Most read

Business

CONSUMER PAIN VERSUS GROWER GAIN

Canada’s Food Price Report 2022 annually delivers a much-anticipated snapshot of the nation’s consumer grocery bill for the year past with predictions for the coming year. In early January, GrainsWest conducted a wide-ranging discussion on the implications of its latest findings with Sylvain Charlebois, lead author and Dalhousie professor in the faculties of management and agriculture.

Keep Reading
CRINGE-WORTHY BUSINESS IMPEDIMENTS

Canadian agriculture is dependent on trade. The productive capacity of the Prairies is many times that of the domestic market within Manitoba, Saskatchewan or Alberta and market access is a huge issue. Federal and provincial governments as well as various grower and industry groups continuously push for Canada’s fair treatment in global trade. The hardship necessary to secure transparent and reliable offshore market access has been a continual frustration even in the post-World Trade Organization era. A common lament is there is not enough domestic industry and the various levels of government should do more to promote investment to create opportunities. Herein lies the irony that free trade and market access do not exist within Canada.

Keep Reading
NEGATIVE NUMBERS

The drought of 2021 affected crops across the Canadian Prairies and the Great Plains of the U.S. This significantly impacted crop yield and quality in the major barley producing provinces in Western Canada and the states of North Dakota, Idaho and Montana. To add insult to injury, many farms finally received precipitation in the middle of harvest. The hot, dry growing season produced very high protein content while the late moisture triggered significant pre-harvest sprouting.

Keep Reading
A WORLD OF NEW IDEAS

Amanda Hardman believes the amount of plastic packaging used in the produce aisles of her local grocery store is unsustainable. As a solution, the second-year sustainable agriculture student at the University of Alberta developed a prototype clamshell package made of sugarcane fibre and intended to transport lettuce. Initially a 4-H Canada Science Fair project, it earned her a spot at the Bayer Youth Ag Summit 2021. “People are looking for packaging options other than plastics as it has either been banned in some places or discouraged in others,” said Hardman.

Keep Reading
FERTILIZER TAKES FLIGHT

While fertilizer is critical to keep farmers in the black, many see red as its cost has greatly increased. As prices are on the upswing, industry groups and researchers turn their attention to new ideas that may boost ROI.

Keep Reading
HEAT OF THE MOMENT

It came without warning. Prairie farmers were dealt the environmental version of poker’s 7-2 off-suit: drought conditions not seen in 20-plus years and a heat dome, which may become agriculture’s word of the year for all the wrong reasons.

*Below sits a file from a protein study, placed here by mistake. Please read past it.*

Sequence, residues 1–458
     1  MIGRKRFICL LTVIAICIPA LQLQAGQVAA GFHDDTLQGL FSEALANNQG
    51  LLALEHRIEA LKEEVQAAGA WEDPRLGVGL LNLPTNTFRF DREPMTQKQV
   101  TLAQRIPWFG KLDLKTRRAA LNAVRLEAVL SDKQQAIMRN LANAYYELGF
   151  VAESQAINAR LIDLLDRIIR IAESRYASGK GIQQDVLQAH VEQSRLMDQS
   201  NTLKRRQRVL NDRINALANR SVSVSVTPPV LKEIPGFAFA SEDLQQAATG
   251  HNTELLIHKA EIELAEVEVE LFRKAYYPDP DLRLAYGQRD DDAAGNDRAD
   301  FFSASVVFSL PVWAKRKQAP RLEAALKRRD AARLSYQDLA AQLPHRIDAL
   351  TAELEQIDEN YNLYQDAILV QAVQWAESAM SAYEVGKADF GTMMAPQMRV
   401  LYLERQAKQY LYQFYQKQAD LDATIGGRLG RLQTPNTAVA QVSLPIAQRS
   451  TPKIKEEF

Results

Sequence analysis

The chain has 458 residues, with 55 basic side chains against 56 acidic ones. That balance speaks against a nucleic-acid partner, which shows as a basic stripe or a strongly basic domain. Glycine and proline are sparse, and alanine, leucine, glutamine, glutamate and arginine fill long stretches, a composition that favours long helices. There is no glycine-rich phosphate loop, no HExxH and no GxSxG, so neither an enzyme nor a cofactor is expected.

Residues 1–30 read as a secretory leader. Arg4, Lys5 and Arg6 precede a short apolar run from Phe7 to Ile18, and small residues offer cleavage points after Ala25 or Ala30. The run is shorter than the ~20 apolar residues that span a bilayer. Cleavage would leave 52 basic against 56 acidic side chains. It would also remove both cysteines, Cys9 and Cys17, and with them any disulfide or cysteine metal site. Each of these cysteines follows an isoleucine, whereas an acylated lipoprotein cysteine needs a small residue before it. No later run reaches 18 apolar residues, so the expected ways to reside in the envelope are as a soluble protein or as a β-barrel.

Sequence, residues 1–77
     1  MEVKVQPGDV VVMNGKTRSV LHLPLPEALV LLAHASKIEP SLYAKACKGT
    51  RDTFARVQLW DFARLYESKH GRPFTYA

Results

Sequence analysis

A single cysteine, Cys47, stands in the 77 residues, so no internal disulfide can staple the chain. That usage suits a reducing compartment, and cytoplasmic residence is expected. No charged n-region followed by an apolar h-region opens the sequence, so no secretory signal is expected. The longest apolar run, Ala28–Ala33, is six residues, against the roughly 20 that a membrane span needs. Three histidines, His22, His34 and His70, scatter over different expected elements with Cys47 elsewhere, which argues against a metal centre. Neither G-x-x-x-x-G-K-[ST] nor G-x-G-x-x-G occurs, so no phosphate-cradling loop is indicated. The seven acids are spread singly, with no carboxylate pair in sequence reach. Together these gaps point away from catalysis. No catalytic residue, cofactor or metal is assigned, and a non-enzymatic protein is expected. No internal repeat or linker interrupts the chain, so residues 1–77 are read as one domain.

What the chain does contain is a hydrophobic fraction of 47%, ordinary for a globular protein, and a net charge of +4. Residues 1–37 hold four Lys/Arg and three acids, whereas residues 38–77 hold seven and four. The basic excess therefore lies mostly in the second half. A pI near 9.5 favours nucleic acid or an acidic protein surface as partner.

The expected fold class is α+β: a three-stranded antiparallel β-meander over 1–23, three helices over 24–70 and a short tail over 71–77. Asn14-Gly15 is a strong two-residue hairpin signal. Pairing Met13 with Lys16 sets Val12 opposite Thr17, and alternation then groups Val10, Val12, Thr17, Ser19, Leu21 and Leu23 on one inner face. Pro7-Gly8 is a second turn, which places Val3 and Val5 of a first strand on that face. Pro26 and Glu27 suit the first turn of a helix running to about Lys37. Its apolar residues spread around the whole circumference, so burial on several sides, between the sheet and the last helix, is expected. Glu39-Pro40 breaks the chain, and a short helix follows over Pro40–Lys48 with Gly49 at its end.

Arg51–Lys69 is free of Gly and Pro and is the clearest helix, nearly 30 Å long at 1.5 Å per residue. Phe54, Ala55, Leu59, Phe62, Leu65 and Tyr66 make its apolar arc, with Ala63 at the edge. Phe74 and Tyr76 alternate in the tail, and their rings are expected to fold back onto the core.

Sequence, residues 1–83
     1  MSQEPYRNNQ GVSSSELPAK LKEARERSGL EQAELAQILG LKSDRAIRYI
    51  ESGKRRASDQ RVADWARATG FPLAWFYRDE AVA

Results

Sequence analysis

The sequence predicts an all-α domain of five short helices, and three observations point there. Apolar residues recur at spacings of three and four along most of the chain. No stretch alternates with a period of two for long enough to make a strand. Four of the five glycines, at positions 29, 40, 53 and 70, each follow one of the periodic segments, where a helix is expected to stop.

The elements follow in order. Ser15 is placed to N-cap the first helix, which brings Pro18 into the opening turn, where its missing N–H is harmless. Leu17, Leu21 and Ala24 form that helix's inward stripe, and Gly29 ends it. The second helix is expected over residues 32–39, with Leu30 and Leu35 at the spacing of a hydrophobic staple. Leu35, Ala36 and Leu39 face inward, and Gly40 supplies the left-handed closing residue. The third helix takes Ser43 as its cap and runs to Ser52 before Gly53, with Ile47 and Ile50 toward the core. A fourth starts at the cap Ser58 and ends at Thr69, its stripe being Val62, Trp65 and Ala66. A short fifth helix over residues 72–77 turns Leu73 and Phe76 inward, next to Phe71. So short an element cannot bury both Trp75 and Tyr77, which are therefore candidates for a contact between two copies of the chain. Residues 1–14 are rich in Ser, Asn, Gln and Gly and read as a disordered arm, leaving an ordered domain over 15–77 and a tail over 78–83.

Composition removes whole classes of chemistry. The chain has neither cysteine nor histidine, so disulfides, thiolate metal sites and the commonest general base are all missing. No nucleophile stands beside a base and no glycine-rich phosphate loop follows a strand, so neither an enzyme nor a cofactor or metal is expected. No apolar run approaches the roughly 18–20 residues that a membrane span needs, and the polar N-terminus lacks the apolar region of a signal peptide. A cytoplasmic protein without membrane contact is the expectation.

Keep Reading
HOMELAND SECURITY

Cybersecurity breaches continue to plague major companies around the world, and for good reason: the nefarious “actors” behind the attacks stand to make substantial sums of money if they are able to pinch the right company at the right time in just the right place. 

Keep Reading
THE VOICE

In September, as the economic fallout from the 2021 drought continued to hit home on Alberta farms, Pine Lake cattle farmer Kelly Smith-Fraser stepped into the role of Agriculture Financial Services Corporation (AFSC) board chair. It has not been an easy time to lead the group: insurance needs are high across the ag sector and AFSC has been tasked with administering the $340 million joint federal–provincial AgriRecovery program through the Canada-Alberta Livestock Feed Assistance Initiative.

Keep Reading
DUPLICATION EQUALS DISCONTENT

Grain companies and certain industry groups would like to see Canadian Grain Commission’s (CGC) outward inspection practice halted. They insist it is a duplicate service, as these companies typically hire independent firms to complete grain inspections. Is it a matter of “double trouble” or “twice is nice?” It depends whom you ask.

Keep Reading
BARLEY MAKES THE BEEF

Wholesale meat producers with their own Calgary butcher shop, Brant Lake Wagyu (BLW) owners Michelle Ball and son Brandon said demand is on the increase for their ultra-high quality, Kobe-style beef products. What makes the meat so tasty, said Michelle, is a combination of excellent Wagyu-Angus genetics, slow production and a strict barley regimen.

Keep Reading
Go to TOP